Copyright is the Way to Innovation

Copyright laws were put and applied to protect “original work of authorship fixed in any tangible medium of expression” and in all its forms such as art, literature, music, video, imagery and software that a digital artist is likely to produce (Packard, p175). The Supreme Court stated that originality does not indicate novelty. However, according to copyright laws, if two artists were to create the same product without knowing the work of the other, each of their work is copyrightable. In that sense, copyrighted material is one that is produced by an artist himself and may not be reproduced or reused in any form without the consent of the artist who’s work belongs to. Originality and novelty both hold the same meaning when it comes to copyrighting which is innovation. Many might argue that even though copyright never suppresses speech because it allows innovation. When copyright is well-crafted, appropriately limited, it may reward and strengthen creativity, however, if it was applied carelessly and indiscriminately, it punishes and suppresses creativity and thus freedom of speech (Stoltz, 2014). Copyright is a matter that is not underestimated in this world because it is a universal law agreed on and applied in most countries as a means to protect the digital work of each individual. For that reason, it does not hinder innovation and creativity in the media and cinematic arts, rather it rewards and strengthens it.

The concept of copyrighting and the idea that an author of a work should be able to control how his work is being distributed first emerged during the 18th century. Copyright law gives an author the sole right to copy and distribute his or her work. The Founding Fathers thought copyright laws were so important they included them in the US Constitution: Article I, Section 8, Clause 8 of the Constitution (New Media Rights, 2011). Initially, when copyright laws were applied, it was not put to ensure creative people make money from their work, rather it was put to give an incentive for other artists to create and innovate ideas and material instead of borrowing or using the work of others.

By doing so, this creates space for more creative artists to keep on creating instead of borrowing the work of others. Innovation is being applied simply through this law; whereas today, it is very easy to copy material with the new technologies we have, but copyright laws come to ensure no one is lazy to just copy a tweet, image, video etc. and to give incentives to the people to be creative and innovative. You will find in the figure below, illustrated by Kalan Lyra, a list of what works are subject to copyright laws or not.

An example on the copyright infringement is when both CNN and CBC in November 2014, used without permission a video Alfonzo Cutaia (on the left) posted to YouTube depicting a time lapse of a storm sucking up water from Lake Erie, near Buffalo, New York. He filed a lawsuit against both companies. “A failure to understand how copyright works and the Terms of Service on each social media platform can cost money, reputation and time” (Dubberley, 2016). Here, both stations were not innovative enough to go and shoot the event or its aftermath at least rather they just saw Cutaia’s video and used it. The journalists that did so were just too lazy.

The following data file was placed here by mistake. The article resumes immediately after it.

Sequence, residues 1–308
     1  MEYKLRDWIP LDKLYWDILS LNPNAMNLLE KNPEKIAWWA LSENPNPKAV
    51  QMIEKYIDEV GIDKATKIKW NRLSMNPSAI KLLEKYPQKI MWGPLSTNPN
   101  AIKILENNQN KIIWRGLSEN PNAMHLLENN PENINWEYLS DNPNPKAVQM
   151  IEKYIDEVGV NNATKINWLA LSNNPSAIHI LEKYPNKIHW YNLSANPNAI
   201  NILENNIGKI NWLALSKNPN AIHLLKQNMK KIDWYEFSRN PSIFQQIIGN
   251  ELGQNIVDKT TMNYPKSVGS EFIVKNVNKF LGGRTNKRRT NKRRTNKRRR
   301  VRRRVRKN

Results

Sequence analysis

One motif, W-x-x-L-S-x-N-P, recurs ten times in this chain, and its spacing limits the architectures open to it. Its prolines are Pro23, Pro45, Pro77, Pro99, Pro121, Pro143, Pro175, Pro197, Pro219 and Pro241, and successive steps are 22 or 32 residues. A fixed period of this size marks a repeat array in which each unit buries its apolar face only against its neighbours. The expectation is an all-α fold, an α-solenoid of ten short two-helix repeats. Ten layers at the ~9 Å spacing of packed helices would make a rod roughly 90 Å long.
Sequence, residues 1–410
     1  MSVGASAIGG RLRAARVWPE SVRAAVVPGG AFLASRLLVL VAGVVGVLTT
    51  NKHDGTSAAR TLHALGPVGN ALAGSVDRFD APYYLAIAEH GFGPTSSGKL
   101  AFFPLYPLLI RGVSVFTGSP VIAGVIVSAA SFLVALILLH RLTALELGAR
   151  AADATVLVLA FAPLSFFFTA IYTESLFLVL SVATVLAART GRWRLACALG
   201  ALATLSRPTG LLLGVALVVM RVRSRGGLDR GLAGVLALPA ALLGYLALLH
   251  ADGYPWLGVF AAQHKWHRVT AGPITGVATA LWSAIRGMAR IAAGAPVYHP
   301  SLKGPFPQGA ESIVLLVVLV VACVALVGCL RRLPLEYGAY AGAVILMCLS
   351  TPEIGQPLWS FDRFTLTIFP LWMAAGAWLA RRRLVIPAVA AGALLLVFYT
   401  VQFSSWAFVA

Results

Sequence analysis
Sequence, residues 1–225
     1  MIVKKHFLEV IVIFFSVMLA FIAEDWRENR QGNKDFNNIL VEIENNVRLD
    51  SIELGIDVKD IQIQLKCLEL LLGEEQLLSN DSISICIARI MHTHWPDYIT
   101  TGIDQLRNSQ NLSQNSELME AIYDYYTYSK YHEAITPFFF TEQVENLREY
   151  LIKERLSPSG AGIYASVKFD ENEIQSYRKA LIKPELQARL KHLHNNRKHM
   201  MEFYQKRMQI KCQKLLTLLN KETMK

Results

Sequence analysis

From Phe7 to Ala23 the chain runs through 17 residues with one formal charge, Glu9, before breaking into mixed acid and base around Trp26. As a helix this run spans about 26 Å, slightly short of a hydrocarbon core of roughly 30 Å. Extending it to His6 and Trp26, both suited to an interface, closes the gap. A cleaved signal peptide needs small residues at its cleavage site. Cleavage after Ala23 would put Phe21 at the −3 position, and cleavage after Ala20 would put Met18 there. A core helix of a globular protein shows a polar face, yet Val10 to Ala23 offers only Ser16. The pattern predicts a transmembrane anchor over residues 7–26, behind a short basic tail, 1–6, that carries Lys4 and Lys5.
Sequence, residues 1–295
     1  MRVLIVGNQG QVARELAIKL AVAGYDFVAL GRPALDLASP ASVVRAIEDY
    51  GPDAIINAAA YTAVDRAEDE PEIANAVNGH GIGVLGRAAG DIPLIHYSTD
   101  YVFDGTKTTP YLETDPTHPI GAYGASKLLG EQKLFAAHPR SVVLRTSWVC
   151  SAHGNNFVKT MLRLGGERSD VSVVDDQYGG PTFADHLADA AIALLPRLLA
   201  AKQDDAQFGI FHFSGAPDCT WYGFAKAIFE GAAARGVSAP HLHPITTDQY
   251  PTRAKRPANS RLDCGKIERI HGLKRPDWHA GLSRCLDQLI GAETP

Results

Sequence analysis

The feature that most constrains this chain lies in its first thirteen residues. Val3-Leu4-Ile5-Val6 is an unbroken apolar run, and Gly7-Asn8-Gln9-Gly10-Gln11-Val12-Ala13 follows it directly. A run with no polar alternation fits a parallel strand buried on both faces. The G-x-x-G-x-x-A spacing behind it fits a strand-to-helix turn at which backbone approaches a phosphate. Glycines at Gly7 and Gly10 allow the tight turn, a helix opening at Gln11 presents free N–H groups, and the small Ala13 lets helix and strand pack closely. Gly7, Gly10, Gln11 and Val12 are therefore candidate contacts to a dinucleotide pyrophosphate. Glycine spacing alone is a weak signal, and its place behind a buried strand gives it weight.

Today, the digital revolution with the features of the system of free expression is to our concern; it makes possible widespread cultural participation and interaction that previously could not have existed on the same scale since we did not have the means to, and it creates new opportunities for limiting and controlling those forms of cultural participation and interaction (Balkin, 2004, p.2). Below is an example of what Twitter would preview when it is reported by the copyright holder.

Giving the means of digital technology that we have today, copyright laws have been questioned since it is now very easy to copy and use any material found on the internet. Daily mail, in 2013, used a video from blogger Croydon Cyclist without his permission. It is important to note that the Daily mail did contact him, but with no reply, they carried on and posted the video anyway (Dubberley, 2016). Here comes the question, do copyright laws with the digital revolution today limit or allow freedom of speech? And the answer to that would be that copyright laws have been put to control and protect the work of others; thus it allows space for others to set out their own opinions and innovate new digital material unlike the Daily Mail who should’ve waited for his consent and then uploaded it to reduce harm or could’ve just created a new video.

The technology we use present a new danger that has been unprecedented in history before were many have become lazy and just use what is available on the web rather being innovative. For that reason, despite the dangers and new challenge, copyright laws are still being applied to try and minimize the harm.

Balkin, J.M. (April 2004). Digital speech and democratic culture: a theory of freedom of expression for the information society.

Dubberly, S. (December 2016). A journalist’s guide to copyright law and eyewitness media.

New Media Rights. (November 2011). What is copyright law, who created it, and why do people think we need it? Retrieved from: https://www.newmediarights.org/business_models/artist/what_copyright_law_who_created_it_and_why_do_people_think_we_need_it

Packard, A. (n.d.). Digital Media Law (2nd Edition): Wiley. p 175. Retrieved from: http://site.ebrary.com/id/10593119?ppg=175

Stoltz, M. (January 2014). Copyright Shouldn’t Be Free Speech’s Blind Spot. Retrieved from: https://www.eff.org/deeplinks/2014/01/copyright-shouldnt-be-free-speechs-blind-spot

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